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Houses damaged from Hurricane Matthew two years ago are just now being repaired even though more recent storms means more people are now in need of home repair.
That means some residents in Cumberland County may be waiting awhile before their homes are repaired and livable again.
On Tuesday, the United Methodist Disaster Recovery Team turned its attention to fixing about 50 houses in Cumberland County that were in need of repair.
Gloria John has lived in her home on Kingsgate Drive in Fayetteville for 30 years. Two years ago, her house was damaged by flooding from Hurricane Matthew.
“That’s mold,” she said while pointing to a spot of it. “We don’t go close to there.”
John said her home’s roof was severely damaged during the storm.
“We couldn’t stay in the bed because the bed was full of water, and practically all of the roof had a water leak,” she said.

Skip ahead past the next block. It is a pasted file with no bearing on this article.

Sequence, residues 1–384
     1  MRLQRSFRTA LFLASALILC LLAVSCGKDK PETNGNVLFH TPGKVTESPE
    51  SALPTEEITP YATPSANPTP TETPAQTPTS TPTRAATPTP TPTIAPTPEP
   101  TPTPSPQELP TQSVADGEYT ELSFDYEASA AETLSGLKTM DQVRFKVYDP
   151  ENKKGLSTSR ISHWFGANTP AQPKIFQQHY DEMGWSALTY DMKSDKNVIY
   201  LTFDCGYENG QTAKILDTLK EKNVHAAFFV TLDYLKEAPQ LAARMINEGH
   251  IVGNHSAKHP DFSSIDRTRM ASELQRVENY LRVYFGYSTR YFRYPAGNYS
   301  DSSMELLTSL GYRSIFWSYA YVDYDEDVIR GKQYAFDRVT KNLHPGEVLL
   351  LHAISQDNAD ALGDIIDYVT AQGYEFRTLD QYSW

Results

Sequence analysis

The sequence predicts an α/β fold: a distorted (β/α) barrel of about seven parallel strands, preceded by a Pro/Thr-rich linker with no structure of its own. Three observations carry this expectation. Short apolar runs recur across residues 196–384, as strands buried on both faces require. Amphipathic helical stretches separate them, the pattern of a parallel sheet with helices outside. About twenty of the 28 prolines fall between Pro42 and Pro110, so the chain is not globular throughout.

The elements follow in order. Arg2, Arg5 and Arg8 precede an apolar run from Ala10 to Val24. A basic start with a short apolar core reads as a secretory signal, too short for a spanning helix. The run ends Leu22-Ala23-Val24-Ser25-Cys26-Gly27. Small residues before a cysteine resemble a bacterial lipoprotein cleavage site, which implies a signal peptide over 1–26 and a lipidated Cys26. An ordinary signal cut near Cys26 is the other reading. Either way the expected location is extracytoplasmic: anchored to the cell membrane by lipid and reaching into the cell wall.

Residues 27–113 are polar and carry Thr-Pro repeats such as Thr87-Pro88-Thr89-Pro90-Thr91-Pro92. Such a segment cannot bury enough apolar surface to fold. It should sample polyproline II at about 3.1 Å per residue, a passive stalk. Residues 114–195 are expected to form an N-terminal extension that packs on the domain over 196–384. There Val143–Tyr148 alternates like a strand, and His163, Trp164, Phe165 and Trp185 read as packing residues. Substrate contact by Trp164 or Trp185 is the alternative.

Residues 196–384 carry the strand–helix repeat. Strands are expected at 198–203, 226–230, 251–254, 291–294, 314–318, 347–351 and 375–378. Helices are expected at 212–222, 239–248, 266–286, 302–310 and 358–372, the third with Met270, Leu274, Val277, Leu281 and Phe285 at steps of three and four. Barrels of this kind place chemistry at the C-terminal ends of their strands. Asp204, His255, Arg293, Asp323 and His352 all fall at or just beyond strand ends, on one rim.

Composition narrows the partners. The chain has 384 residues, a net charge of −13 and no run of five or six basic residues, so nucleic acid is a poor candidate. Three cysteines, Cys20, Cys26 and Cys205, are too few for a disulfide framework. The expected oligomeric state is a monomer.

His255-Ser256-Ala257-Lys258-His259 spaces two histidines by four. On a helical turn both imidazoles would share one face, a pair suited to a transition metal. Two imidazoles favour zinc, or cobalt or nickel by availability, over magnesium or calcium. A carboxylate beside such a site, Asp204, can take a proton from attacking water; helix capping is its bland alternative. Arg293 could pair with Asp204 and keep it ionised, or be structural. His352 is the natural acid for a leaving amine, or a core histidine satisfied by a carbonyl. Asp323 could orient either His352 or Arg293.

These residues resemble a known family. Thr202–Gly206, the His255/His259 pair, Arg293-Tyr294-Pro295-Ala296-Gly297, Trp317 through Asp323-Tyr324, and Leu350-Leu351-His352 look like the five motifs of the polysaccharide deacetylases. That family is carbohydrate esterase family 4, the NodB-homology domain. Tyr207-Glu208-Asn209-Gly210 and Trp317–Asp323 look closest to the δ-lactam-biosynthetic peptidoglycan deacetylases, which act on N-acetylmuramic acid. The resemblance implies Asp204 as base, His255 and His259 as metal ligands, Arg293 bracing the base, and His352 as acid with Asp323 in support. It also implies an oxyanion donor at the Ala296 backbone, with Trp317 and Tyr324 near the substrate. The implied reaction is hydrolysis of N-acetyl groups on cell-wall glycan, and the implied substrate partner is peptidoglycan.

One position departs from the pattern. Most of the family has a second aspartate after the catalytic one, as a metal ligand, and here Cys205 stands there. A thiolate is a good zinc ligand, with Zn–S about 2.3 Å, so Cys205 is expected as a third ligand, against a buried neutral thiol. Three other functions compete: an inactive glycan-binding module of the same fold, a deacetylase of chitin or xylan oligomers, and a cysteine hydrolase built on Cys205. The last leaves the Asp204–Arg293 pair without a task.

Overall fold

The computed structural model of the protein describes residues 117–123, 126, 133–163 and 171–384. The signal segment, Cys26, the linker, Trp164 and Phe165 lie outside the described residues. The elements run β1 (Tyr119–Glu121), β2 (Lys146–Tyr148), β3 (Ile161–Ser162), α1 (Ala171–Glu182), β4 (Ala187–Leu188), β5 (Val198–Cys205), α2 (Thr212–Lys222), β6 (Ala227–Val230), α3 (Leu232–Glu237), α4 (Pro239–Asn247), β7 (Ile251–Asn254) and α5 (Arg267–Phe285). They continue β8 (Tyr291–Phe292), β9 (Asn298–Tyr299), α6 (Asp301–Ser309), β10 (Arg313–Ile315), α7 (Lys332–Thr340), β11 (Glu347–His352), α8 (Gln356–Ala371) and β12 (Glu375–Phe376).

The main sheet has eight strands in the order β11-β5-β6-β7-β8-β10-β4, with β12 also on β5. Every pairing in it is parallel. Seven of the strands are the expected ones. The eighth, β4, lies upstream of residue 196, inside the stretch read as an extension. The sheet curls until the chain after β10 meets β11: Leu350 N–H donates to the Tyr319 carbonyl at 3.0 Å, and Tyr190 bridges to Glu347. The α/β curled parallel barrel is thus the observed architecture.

With hurricanes Florence and Michael roaring across North Carolina in recent weeks, some faith-based volunteer groups, like the United Methodist Disaster Recovery Team, are picking up where FEMA staffers left off in order to help storm victims get back on their feet.
“We’re putting a roof (and) fascia on and we’re re-fixing the floor,” said Kevin Kehoe, a volunteer. “We’re re-fixing a floor and putting linoleum down and we may get to put some siding on somewhere along the line.”
John lives across the street from this home that’s being repaired. She likes what she sees.
“I said let me take their number and call to see if they can do mine,” she said. “So one of the guys told me that I’m next.”
Contractors are in demand and short supply.
But help is on the way.
“Be patient (because) we’re going to be here until we’re done (and) when there’s no clients left” said Kelly Mathis, who works with the Methodist Disaster Recovery Team. “But be patient with us because we’ll get to it.”